19, Jan 2021 -

Corvallis company striving to introduce first formaldehyde-free, bio-based adhesive

Corvallis company striving to introduce first formaldehyde-free, bio-based adhesive


A Corvallis startup is making strides to be the first to introduce a formaldehyde-free adhesive used to manufacture particleboard and medium density fiberboard.

If successful, the innovation would be a breakthrough in the burgeoning green building materials industry and likely in high demand since California implemented the world’s strictest regulation of formaldehyde emissions in 2012.

The Corvallis company, EcoPro Polymers, is developing a plant-based adhesive that contains no urea-formaldehyde, a chemical that releases formaldehyde — known to cause cancer in humans. The company has received support from Oregon State University and Oregon BEST, a nonprofit organization focused on clean technology innovation.

Oregon BEST is investing $124,000 of early stage funding to speed commercialization of the adhesive through collaboration of EcoPro Polymers and OSU researchers, according to Oregon BEST.

“For 60 years, formaldehyde off-gassing has been an issue with urea-formaldehyde, the most common adhesive used in a particleboard and fiberboard,” said Fred Kamke, OSU professor of wood science and engineering and director of the Green Building Materials Lab, an Oregon BEST Lab on the OSU campus. “Although emissions have been reduced dramatically over the years, formaldehyde is still being emitted and some markets are demanding formaldehyde-free solutions.”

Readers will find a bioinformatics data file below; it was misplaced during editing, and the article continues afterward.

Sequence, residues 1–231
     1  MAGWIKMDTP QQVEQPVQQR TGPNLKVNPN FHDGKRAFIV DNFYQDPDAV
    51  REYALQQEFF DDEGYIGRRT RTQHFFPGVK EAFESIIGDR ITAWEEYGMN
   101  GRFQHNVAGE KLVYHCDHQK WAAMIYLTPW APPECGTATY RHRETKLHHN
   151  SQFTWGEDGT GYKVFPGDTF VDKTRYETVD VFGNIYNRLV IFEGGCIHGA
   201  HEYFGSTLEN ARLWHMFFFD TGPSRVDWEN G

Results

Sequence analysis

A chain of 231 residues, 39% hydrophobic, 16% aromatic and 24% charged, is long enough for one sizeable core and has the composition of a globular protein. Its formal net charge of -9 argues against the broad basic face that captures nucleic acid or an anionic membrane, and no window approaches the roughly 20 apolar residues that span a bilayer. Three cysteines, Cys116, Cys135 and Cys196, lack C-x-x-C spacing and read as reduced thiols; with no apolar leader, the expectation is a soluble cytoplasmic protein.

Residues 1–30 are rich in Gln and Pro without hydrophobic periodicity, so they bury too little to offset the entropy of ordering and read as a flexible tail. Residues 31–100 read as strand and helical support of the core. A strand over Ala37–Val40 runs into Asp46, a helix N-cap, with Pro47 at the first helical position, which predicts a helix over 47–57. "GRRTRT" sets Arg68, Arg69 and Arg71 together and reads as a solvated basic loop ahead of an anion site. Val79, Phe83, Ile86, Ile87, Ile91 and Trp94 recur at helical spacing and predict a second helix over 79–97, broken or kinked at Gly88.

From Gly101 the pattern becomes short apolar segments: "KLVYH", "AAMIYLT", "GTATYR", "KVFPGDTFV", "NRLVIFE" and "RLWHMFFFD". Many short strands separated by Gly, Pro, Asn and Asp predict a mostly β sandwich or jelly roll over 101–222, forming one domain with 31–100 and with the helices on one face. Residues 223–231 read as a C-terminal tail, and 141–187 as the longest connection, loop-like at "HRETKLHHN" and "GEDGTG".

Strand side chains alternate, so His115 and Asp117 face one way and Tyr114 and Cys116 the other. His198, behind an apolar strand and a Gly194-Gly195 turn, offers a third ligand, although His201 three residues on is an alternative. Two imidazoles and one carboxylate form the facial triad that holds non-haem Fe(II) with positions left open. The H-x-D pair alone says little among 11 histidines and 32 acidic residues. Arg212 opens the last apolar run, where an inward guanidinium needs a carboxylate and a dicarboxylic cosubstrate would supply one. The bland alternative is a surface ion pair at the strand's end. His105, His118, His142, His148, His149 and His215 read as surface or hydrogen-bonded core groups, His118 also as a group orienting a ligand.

Humayun Mandal, who has a doctorate in polymer chemistry, left a career in the adhesive and sealant industry to found EcoPro Polymers in 2014. The company is competing this week for a $200,000 prize at the Cleantech Open Global Forum in San Francisco.

EcoPro Polymers’ adhesive is showing promise in lab trials and has attracted interest from SpekPly LLC, another startup supported by Oregon BEST that makes architectural panels from agricultural byproducts.

SpekPly happened to be using the Green Building Materials Lab when its founder, Dirk Wallace, met Mandal and learned about the new adhesive.

“It was serendipitous that our research in the Oregon BEST lab at OSU resulted in a connection with EcoPro Polymers,” Wallace said. “The new adhesive is allowing us to move forward with a formaldehyde-free product that utilizes agricultural waste and is nontoxic.”

To support clean technology innovations in the state, Oregon BEST brings together expertise from more than 250 Oregon BEST member faculty and research from nine Oregon BEST labs at four Oregon universities (Oregon State University, Oregon Tech, Portland State University, and University of Oregon.)

Source: The Register-Guard

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